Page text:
It Is Not Wisdom But Authority That Makes A Law. T – Tymoff

When it comes to making laws, it is not simply about having wisdom: it is also about having the authority to do so. This has become a strong point of contention among legal experts and politicians, who must balance wisdom and authority. From exploring historical perspectives to examining the role of politics in law-making, this paper seeks to gain a clear understanding of the profound implications of authority-bound decision-making in the creation of laws.

The ability to create laws is a power vested in the hands of few, be it the judiciary, lawmakers, and even international institutions. But despite holding considerable power, these authorities often find themselves stuck between the proverbial rock and hard place, caught between pursuing their own objectives while still adhering to their responsibilities. From identifying how authority influences the process of law-making, it will be possible to gain clarity on the importance of accountability and adherence to the principle of authority when making laws.

The Implications of Authority on Law-Making

The law-making process can be traced back to medieval times, when kings and land-holders held absolute power in creating laws that governed their respective subjects. But despite this power, those in positions of authority had to strive for good governance and abide by rules that ensured the safety and security of their lands. In the modern-day, the same concept of power-sharing applies, albeit in a much more refined form. For instance, lawmakers now have to adhere to the rules of democracy and pass laws that are in the best interest of the people.

From a judicial perspective, the role of authority in law-making is no less central. In many countries, the judiciary is tasked with the responsibility of interpreting and enforcing the laws of the land. This requires the judiciary to be subject to stringent legal standards and held in high regard. This in turn puts their decision-making process under the microscope, making sure every decision is balanced with the necessary wisdom, backed by authority.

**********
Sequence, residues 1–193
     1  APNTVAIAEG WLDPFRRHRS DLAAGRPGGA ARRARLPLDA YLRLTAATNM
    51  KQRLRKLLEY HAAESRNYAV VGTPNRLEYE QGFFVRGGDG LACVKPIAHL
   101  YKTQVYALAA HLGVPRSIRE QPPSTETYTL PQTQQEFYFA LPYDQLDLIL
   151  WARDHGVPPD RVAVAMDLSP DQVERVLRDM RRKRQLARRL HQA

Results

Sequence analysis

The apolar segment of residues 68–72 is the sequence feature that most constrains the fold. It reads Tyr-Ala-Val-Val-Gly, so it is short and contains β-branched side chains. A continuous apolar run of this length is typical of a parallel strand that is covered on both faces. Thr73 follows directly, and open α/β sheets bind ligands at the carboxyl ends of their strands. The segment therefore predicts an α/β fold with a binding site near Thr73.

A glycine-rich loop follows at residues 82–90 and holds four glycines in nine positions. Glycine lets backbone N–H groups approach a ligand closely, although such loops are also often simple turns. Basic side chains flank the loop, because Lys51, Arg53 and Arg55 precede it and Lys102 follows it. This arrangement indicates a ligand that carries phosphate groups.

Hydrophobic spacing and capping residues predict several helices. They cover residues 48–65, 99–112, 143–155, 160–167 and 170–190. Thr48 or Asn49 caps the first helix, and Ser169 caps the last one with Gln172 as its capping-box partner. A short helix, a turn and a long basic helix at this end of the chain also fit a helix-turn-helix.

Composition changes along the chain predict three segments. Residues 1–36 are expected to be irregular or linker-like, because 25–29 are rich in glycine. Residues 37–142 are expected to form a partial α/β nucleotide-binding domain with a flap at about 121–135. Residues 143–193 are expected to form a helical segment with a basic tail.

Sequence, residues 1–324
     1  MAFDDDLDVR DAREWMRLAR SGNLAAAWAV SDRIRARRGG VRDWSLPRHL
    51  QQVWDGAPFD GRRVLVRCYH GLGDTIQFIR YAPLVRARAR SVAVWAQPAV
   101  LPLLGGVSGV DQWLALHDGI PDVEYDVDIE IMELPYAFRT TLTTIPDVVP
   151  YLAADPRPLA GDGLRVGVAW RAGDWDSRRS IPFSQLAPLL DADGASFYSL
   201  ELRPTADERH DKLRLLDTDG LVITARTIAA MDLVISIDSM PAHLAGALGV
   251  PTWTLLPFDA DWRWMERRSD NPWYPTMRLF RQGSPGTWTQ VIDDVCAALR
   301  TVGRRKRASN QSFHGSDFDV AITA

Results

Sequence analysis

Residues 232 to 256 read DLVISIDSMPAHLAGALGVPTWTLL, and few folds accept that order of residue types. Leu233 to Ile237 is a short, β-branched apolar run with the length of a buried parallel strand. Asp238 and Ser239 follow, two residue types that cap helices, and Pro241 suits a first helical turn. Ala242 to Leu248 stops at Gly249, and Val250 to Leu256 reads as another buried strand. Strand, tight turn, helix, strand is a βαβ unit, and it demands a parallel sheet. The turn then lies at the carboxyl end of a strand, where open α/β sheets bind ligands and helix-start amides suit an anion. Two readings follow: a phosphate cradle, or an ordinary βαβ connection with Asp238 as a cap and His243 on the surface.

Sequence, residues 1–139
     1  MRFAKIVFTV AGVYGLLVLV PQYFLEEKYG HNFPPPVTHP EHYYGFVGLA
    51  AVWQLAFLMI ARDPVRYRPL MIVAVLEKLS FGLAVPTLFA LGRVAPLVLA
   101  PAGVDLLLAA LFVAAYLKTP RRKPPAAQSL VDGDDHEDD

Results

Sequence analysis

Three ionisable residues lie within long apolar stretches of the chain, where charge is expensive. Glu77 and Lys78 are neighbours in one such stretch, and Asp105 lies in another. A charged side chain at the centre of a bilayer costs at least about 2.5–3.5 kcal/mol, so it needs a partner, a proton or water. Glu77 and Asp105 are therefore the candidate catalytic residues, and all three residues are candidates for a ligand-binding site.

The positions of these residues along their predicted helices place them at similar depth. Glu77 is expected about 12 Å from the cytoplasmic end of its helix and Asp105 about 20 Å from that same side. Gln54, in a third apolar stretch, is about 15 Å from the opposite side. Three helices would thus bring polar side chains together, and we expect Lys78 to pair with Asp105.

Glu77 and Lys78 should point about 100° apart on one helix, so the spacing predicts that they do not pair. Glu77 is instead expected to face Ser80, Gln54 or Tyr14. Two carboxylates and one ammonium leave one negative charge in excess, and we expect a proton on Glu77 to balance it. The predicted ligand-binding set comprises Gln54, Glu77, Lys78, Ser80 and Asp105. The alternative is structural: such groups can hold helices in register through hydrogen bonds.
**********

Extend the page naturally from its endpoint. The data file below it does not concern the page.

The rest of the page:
However, no power should be absolute or without limits. To prevent the concentration of too much power within the hands of few, legal systems have been put in place to ensure even the most powerful institutions are held to account. For instance, even the judiciary can be called upon to revise decisions if they are found to be in violation of a higher power, such as the Constitution.

The Political Influence on Law-Making

Politics can also be a major driving force in the law-making process. In democracies, politicians have the authority to draft laws that could benefit their constituencies and, in turn, their own political ambitions. This should of course, be done reasonably and within the law. Otherwise, the devastation of the law-making process can bring about disregard not only for the people’s basic rights but also the entire process of law-making.

While it is unwise to substitute authority over wisdom in law-making, politicians do need to take into account the opinions of their constituents when creating laws. This can be done through opinion polls, talking surveys, and other research activities. By taking into account the opinions of the people, politicians can gain an accurate representation of their concerns, making sure all participants of the law-making process are given the chance to exercise their rights.

The Role of Wisdom in Law-Making

As stated earlier, wisdom is an integral aspect of law-making. Those responsible for making laws must keep in mind that their decisions can have serious consequences, which should be taken into account when deliberating upon the merits of a proposed law. This is why wise decisions should be taken with the best interests of the people in mind.

And this is why, it is often said that it is not wisdom but authority that makes a law. This does not mean that wisdom is irrelevant, but that authority should be the decisive factor in making a law. Those in charge may not always have the best judgement when it comes to law-making, but their authority and responsibility give them the power to make laws that are in the best interest of the land.


It is clear that it is not wisdom but authority that makes a law. This power of authority is derived from a combination of the people’s consent and the respect for the highest law of the land. However, authority without wisdom is a dangerous mix that can lead to the collapse of the legal system. Which is why there should always be a balance between authority and wisdom in law-making, so that the best interests of the people can be pursued.

Ankit is a passionate blogger who loves to write about fashion, health business etc. I shares insights, ideas, and stories to inspire our readers.